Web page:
We conclude that the ECDIS-Net project laid the foundations for Europe-wide surveillance of CDI, although increased use of optimal diagnostic algorithms should be promoted, taking into consideration the limited resources and budget cuts in several European countries. The ESGCD revised the ESCMID diagnostics guidelines for CDI, which, once published, should contribute to standardisation of CDI diagnostics at local and national level in Europe. Typing capacity for CDI in Europe was acceptable overall; however, an internationally standardised capillary PCR ribotyping protocol is now available [17] and requires further implementation in European countries. We would recommend that these important steps are considered as part of the integration of C. difficile molecular typing data in The European Surveillance System (TESSy), within the ECDC-coordinated Europe-wide CDI surveillance (since 1 January 2016) [34].


Other members of the ECDIS-Net project

F Allerberger, D Schmid (AGES, Austria); M Delmée, J van Broeck, (University of Louvain, Belgium); R Vatcheva-Dobrevska (National Centre of Infectious and Parasitic Diseases, Bulgaria); B Matica (Dr. Andrija Štampar Insitute of Public Health, Croatia); P Maikanti-Charalampous, D Pieridou- Bagatzouni (Nicosia General Hospital, Cyprus); O Nyč (Hospital FN Motol Prague, Czech Republic); KEP Olsen (Statens Serum Institut, Denmark); M Jyrna-Ellam, Anastasia Pavelkovich (North-Estonian Regional Hospital, Estonia); A Virolainen-Julkunen, O Lyytikäinen, (Institute of Health and Welfare, Finland); C Eckert (National Reference Laboratory for C. difficile, France); B Coignard (Institut de Veille Sanitaire, France); L von Müller (University of Saarland Medical Centre, Germany); B Weiß (Robert Koch-Institut, Germany); E Petinaki (University Hospital of Larissa, Greece), A Kurcz, Z Barna, A Hajdu (National Center for Epidemiology, Hungary); L Kyne, L Fenelon (Health Protection Surveillance Centre and Beaumont Hospital, Ireland); F Barbanti (Istituto Superiore di Sanità, Italy), ML Moro (Agenzia Sanitaria e Sociale Regionale Emilia-Romagna, Italy); AO Balode (Rīga Stradiņš University, Latvia); J Miciuleviciene, R Valentiliene (Vilnius City Clinical Hospital, Lithuania); M Perrin, P Reichert, C Olinger (Laboratoire National de Sante, Luxembourg); SC de Greeff (National Institute for Public Health and the Environment (RIVM), the Netherlands); H Pituch, P Obuch-Woszczatynski (Medical University of Warsaw, Poland); M Oleastro, J Machado (Instituto Nacional de Saude Dr. Ricardo Jorge, Portugal); D Lemeni, I Macovei (‘Cantacuzino' National Institute of Research and Development for Microbiology and Immunology, Romania); E Nováková (Jessenius Faculty of Medicine in Martin, Slovakia); M Rupnik (National Laboratory for Health, Environment and Food, Slovenia), J Kolman (National Institute of Public Health, Slovenia); E Bouza (Hospital General Universitario 'Gregorio Marañón', Spain), S Valdezate (Instituto de Salud Carlos III, Spain); T Åkerlund, O Aspevall (Public Health Agency of Sweden, Sweden); E Sheridan (Health Protection Agency, UK); P Rooney (Belfast City Hospital, UK); C Wiuff (Health Protection Scotland, UK); J Coia (Scottish Microbiology Reference Laboratories, UK); A Widmer (University Hospital Basel, Switzerland); M Ritzler (Labor RISCH, Liechtenstein); A Ingebretsen (Oslo University Hospital, Norway); J Bjørnholt (Norwegian Institute of Public Health, Norway); M Kroknes (St. Olavs Hospital, Norway); H Hardarson (Landspitali University Hospital, Iceland); B Levent (Refik Saydam National Hygiene Center, Turkey); M Jovanović (Clinical Center of Serbia, Serbia), M Drakulovic (Institute of Public Health of Serbia ‘Dr Milan Jovanović Batut’, Serbia).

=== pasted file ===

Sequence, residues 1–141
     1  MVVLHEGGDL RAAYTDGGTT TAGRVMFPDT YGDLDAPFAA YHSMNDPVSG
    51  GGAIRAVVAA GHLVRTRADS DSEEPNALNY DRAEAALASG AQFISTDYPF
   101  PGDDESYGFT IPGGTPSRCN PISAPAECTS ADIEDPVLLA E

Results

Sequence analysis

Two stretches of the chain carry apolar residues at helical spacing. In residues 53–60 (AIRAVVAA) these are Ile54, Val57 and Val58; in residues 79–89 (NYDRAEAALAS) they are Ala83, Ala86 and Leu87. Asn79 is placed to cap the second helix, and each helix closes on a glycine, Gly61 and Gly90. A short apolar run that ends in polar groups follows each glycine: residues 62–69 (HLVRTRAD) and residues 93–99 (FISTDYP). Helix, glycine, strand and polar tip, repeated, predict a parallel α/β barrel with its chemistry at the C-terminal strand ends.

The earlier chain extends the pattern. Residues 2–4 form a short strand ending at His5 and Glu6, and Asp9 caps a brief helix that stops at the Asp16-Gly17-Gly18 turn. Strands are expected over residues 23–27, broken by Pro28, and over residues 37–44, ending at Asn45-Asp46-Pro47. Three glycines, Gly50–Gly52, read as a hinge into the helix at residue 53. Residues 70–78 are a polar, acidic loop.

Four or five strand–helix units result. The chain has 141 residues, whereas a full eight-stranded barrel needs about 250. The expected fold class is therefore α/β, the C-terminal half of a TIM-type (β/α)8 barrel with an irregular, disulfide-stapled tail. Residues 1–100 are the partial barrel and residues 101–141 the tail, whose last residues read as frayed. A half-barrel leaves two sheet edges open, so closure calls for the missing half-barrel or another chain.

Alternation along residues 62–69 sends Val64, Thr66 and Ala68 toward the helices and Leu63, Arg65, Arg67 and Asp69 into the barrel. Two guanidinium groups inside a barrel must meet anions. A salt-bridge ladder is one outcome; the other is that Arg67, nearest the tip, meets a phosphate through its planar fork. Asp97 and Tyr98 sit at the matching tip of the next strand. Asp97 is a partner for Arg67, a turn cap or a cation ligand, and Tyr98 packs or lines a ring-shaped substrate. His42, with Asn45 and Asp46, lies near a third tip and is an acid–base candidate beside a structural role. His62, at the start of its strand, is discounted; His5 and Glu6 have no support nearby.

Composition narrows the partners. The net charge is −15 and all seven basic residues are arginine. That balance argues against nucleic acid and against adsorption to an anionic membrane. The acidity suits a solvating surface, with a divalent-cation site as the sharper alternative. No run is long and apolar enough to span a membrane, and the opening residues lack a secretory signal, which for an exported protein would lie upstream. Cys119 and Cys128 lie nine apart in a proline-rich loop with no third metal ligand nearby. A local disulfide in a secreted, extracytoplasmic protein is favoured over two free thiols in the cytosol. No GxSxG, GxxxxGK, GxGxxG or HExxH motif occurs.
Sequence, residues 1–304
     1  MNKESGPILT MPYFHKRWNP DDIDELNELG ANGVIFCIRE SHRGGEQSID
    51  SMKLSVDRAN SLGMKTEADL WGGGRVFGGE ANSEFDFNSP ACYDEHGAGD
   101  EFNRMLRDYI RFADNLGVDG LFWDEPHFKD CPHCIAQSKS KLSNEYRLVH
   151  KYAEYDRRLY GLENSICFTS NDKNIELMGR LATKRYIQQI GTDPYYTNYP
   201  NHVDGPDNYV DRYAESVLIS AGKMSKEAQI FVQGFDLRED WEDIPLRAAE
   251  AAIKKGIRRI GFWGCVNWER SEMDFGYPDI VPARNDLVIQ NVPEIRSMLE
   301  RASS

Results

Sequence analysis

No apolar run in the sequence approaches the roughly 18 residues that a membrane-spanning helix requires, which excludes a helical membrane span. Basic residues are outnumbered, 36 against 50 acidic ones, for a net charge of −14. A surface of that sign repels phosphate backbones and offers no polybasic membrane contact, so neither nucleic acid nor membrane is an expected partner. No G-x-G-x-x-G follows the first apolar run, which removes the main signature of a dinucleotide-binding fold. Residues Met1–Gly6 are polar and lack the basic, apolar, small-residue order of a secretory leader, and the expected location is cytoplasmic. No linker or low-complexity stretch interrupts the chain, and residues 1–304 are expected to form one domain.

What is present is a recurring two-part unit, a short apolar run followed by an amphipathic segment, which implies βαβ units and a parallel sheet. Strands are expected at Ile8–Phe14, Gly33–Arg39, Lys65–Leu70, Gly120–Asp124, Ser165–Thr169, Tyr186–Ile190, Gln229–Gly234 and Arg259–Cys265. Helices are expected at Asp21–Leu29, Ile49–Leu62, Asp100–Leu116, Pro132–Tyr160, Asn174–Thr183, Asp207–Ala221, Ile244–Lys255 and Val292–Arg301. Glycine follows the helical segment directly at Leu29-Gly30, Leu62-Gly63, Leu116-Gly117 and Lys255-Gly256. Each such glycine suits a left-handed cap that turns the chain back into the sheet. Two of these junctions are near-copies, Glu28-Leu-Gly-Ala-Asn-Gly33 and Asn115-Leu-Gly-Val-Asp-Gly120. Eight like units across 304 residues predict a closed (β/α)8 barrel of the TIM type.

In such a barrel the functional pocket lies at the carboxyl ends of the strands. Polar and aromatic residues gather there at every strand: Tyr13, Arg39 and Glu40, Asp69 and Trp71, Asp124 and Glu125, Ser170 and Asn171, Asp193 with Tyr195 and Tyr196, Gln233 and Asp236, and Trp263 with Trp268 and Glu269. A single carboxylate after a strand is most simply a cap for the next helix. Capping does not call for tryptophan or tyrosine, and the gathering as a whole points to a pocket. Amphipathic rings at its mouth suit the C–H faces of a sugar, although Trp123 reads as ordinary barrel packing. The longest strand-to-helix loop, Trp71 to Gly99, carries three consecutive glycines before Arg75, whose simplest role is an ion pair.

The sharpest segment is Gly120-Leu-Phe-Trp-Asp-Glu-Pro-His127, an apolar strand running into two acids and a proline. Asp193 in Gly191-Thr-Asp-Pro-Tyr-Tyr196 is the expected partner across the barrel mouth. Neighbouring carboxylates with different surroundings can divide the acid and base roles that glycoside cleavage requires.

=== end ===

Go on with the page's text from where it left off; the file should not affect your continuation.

Acknowledgements

This study was initiated and funded by the European Centre for Disease Prevention and Control (ECDC) through a framework service contract (ECDC/10/022) to Leiden University Medical Centre, Leiden, the Netherlands, for supporting capacity building for surveillance of Clostridium difficile infections at European level following an open call for tender (OJ/2010/07/09-PROC/2010/035). Switzerland did not receive funding from ECDC, but contributed to the project using its own resources. The project adopted the name ‘European C. difficile Infection Surveillance Network’ and the acronym ECDIS-Net. The study was performed in collaboration with the European Study Group on C. difficile (ESGCD). The authors would like to thank Marjolein P Hensgens for advice regarding data analyses.

Conflict of interest

Sofie M van Dorp, Daan W Notermans, Jeroen Alblas, Petra Gastmeier, Katiusha Ivanova, Fidelma Fitzpatrick, Trefor Morris, Pete Kinross, Carl Suetens: none declared.

Silja Mentula: received funding and travel fees for participating in the EUCLID project from Astellas Pharmaceuticals Europe. Elisabeth Nagy: received fees for attending meetings for the EUCLID project from Astellas Pharmaceuticals Europe. Patrizia Spigaglia: received funding for participating in the EUCLID project from Astellas Pharmaceuticals Europe. Frédéric Barbut: eeceived personal fees, and non-financial support (travel expenses) from Astellas Pharma Europe, Sanofi Pasteur, Pfizer, and Merck; scientific grants from Astellas Pharma Europe, bioMérieux, bioSynex, Cepheid, Cubist, Diasorin, Quidel-Buhlmann and R-bioPharm. Mark H Wilcox: received consulting fees from Abbott Laboratories, Actelion, Astellas, Astra-Zeneca, Bayer, Cerexa, Cubist, Durata, The European Tissue Symposium, The Medicines Company, MedImmune, Merck, Motif Biosciences, Nabriva, Optimer, Paratek, Pfizer, Roche, Sanofi-Pasteur, Seres, Summit and Synthetic Biologics; lecture fees from Abbott, Alere, Astellas, Astra-Zeneca and Pfizer; and grant support from Abbott, Actelion, Astellas, bioMerieux, Cubist, Da Volterra, The European Tissue Symposium, Merck and Summit. Ed J Kuijper: participated in advisory forums of Actelion, Astellas, Merck, Pfizer, Sanofi-Pasteur, Seres and Summit, and received unrestricted grant supports from Actelion, Merck, Becton-Dickenson and Cubist.

Authors’ contributions

EK and MW were leaders of the ECDIS-Net project. DN was the leader of this project and coordinated data collection in 2011. SD coordinated data collection in 2014, analysed the data, and wrote the manuscript together with DN, EK and PK. Questionnaires were developed by DN, PK, CS, SD, FB and EK. JA adapted the web-system for data collection. All co-authors were participants in the project consortium, contributed to data collection and reviewed the manuscript.